I’ve been getting Game Developer Magazine for some time now – it’s not your typical game magazine since it’s made for developers in the industry and not so much the gamers. But if you hold any interest in how games are created, it’s worth your time. One type of article that often shows up is the fascinating Postmortem. Here a developer gets into the nitty-gritty of what went right and what went wrong during the development process for a certain game. Pretty much every video game made has a story like that to tell that we often never hear about and for the first time since I started getting GDM a couple of years ago, they have a postmortem for an arcade game in their August 2011 issue. That of course is for one of the biggest titles to come along in recent years, Play Mechanix/Raw Thrills Terminator Salvation.
The article, penned by Play Mechanixs’ Scott Matott, starts off by getting into the cabinet. Did you know that the Terminator skull is made with vacuum-molded plastic? It certainly wasn’t an easy task to get that done right and this article goes over that as well as the process of getting the guns to look and work just right, why the game was delayed several months beyond the movie’s release, both the freedom and challenge with developing arcade hardware, localizing the game for arcades in other parts of the world, particularly Japan and tweaking the software to capture the players attention and excitement in a very short period of time, and more.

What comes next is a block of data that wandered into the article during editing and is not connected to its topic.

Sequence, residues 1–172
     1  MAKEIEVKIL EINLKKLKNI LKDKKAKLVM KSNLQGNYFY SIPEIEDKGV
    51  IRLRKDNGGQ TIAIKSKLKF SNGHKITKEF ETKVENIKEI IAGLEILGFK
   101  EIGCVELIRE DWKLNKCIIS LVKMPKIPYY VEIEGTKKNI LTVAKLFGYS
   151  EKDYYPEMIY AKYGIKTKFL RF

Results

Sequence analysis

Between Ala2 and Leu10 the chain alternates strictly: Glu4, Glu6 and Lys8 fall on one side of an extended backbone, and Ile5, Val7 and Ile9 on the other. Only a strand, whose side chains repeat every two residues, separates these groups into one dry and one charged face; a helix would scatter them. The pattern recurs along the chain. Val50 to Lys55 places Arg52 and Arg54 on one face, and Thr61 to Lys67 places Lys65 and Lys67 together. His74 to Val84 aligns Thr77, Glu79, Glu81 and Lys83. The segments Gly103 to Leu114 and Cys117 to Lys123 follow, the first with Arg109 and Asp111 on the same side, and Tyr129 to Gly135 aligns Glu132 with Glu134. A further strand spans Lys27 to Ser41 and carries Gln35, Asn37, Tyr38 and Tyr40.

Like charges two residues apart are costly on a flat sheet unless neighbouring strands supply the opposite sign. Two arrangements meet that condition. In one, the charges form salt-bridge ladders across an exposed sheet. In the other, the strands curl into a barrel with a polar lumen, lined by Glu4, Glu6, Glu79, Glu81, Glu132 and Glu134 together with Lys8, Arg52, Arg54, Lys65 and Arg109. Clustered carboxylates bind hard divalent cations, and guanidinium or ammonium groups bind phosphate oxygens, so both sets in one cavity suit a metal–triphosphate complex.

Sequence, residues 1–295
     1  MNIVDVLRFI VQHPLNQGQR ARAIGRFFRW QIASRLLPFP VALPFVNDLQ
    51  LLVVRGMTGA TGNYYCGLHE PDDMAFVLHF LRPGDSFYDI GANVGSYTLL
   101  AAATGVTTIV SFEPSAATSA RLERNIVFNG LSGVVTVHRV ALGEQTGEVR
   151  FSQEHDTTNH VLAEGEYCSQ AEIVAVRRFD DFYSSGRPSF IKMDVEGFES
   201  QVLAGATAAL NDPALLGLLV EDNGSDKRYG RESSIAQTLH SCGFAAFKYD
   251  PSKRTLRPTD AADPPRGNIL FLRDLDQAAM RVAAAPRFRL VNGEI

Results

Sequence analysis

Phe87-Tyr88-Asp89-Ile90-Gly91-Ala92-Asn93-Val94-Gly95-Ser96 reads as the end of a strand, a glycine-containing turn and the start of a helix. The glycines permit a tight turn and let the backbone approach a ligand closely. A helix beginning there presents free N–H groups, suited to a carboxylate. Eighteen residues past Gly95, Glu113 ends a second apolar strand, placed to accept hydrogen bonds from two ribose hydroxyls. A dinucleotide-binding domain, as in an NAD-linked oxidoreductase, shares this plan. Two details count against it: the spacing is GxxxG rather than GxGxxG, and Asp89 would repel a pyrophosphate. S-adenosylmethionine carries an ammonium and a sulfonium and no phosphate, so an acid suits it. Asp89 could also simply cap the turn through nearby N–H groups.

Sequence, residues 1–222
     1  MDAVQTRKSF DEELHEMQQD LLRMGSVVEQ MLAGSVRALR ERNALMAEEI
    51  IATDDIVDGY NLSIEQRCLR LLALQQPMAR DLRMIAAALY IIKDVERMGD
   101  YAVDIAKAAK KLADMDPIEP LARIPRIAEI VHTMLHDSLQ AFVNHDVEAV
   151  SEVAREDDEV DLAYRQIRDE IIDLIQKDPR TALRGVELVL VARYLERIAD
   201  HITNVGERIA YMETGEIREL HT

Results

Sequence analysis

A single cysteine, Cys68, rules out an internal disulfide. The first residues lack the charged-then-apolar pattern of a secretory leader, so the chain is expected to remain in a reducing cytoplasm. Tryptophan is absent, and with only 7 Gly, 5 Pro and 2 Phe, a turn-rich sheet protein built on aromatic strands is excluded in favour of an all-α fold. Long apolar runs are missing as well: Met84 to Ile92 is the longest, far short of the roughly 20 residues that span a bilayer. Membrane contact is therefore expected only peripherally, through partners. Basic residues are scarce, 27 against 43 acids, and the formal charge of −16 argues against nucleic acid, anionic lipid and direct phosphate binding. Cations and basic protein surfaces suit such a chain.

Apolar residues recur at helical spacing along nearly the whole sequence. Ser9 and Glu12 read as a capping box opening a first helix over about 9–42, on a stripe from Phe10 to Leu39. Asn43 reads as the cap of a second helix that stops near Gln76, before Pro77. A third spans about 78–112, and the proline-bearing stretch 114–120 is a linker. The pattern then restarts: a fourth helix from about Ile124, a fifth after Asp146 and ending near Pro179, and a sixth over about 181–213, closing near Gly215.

It’s not up on their site yet but gdmag.com will soon post the digital version of the magazine so you can check out the article in all of it’s glorious detail, along with a postmortem for Shogun 2, Creating seamlessly tiling perlin noise for procedural generation, the Simplygon tool package, Matthew Wasteland’s always amusing Arrested Development article and more.